For the very first time in my life, my illness taught me what it was really like to just be. Without the strength of my core that I once prided myself on, I couldn’t practice yoga like I used to for a very long time. And even today, I still don’t, though I can and will attest that I am physically stronger now than ever before.
Beginning my practice from the literal ground up—with blocks and bolsters and blankets and straps and foam rollers—shifted something in me that was far more profound than any of the most challenging inversion or feat of strength and flexibility I’d attempted prior.
As a student with a beginner’s mindset, I’d stopped anticipating the endless Chaturangas that are so often cued in fast-paced Vinyasa classes. I slowed down enough to truly allow myself to be directed and guided, moving at my own pace to stay in touch with the rhythm of my own breath. And if I lost that connection, I paused, not letting myself feel worried about keeping up with the class. As a teacher, I became more relatable to my students too, coming at them from a place of raw humility and honesty, sharing with them a new style of teaching I’d begun to cultivate—one that was true and authentic to me, instead of mimicking what I’d seen elsewhere. To me, slow and steady was the new strong—and streamlined and simplified sequencing has become far more “advanced” than repetitive jump backs and fancy, picturesque postures.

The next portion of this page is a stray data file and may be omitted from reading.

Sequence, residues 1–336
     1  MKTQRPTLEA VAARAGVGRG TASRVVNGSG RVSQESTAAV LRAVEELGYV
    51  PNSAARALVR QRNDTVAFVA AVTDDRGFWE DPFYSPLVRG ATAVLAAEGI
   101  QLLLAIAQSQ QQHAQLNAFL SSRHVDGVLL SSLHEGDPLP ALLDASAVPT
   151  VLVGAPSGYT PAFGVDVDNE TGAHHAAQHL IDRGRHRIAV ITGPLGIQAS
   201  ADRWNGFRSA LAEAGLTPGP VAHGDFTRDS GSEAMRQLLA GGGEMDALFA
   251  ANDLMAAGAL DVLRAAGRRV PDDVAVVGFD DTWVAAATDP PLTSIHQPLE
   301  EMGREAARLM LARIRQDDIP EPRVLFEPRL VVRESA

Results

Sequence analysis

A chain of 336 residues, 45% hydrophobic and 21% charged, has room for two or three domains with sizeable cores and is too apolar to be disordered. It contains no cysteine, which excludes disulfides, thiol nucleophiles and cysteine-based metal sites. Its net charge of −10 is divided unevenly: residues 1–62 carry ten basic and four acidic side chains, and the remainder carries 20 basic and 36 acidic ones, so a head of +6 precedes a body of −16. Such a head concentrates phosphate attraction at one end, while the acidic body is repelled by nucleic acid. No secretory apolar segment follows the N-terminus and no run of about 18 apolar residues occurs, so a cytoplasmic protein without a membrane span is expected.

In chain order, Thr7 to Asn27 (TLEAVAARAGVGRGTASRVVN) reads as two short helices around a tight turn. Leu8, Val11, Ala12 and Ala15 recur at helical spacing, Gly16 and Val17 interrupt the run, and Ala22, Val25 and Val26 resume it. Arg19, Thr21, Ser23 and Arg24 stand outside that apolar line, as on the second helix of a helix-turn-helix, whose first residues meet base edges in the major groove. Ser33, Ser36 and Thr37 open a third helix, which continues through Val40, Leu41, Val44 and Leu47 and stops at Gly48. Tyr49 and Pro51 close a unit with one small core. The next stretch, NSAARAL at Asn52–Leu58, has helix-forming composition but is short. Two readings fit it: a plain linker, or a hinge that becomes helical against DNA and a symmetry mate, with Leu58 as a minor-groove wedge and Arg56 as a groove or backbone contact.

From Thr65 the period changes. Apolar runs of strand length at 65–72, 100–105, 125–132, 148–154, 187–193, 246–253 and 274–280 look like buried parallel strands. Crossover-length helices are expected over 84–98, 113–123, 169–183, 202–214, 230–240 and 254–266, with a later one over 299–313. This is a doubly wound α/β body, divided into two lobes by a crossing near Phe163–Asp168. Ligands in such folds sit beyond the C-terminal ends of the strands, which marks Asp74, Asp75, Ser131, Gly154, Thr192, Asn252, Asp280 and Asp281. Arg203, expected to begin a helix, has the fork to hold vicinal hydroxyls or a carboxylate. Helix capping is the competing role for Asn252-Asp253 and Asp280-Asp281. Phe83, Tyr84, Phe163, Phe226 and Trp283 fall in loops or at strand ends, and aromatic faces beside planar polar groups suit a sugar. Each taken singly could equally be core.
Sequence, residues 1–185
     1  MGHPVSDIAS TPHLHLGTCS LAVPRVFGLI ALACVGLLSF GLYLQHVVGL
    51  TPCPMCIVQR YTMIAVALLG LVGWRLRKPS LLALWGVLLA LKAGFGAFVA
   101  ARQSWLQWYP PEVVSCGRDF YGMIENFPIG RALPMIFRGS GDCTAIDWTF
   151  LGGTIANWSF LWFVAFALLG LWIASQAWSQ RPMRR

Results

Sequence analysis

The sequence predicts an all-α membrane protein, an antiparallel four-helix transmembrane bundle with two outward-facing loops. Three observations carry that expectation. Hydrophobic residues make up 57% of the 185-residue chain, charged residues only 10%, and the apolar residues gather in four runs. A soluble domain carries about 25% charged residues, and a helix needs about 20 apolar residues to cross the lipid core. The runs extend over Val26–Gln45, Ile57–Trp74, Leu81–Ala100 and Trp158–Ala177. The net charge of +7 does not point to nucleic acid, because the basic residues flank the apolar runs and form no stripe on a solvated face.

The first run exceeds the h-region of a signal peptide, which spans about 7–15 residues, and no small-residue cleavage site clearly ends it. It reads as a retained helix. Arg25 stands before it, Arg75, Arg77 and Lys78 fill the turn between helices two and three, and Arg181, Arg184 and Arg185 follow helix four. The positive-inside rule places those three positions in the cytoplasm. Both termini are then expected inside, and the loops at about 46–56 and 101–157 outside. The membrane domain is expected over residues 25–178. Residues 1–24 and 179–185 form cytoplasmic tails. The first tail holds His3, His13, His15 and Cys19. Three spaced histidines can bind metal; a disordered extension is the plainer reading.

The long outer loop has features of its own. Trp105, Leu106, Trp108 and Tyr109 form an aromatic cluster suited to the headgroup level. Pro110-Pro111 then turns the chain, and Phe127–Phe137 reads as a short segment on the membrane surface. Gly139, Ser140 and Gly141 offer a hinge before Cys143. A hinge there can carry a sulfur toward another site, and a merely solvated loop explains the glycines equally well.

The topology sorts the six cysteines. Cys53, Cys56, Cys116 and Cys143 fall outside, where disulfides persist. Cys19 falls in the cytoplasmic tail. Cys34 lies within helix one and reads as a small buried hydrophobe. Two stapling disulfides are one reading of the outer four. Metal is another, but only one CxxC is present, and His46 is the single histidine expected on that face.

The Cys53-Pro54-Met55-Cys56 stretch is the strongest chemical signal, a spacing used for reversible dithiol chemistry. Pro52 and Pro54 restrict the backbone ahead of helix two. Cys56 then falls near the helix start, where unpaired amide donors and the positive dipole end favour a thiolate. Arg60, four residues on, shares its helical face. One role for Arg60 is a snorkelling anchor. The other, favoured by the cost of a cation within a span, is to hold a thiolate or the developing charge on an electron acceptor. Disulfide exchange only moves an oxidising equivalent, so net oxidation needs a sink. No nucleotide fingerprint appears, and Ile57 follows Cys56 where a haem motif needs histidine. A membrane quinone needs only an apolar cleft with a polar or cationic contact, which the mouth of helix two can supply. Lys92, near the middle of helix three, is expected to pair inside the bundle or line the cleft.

My students will often share with me how much they appreciate my slower, more methodical approach; that it’s challenging in a different way because it allows them to cultivate real presence. They ask me what style of yoga I teach, because it’s so different from anything they’re used to at the trendier boutique studios. But my answer is always quite simple: I’m just teaching you what yoga really is.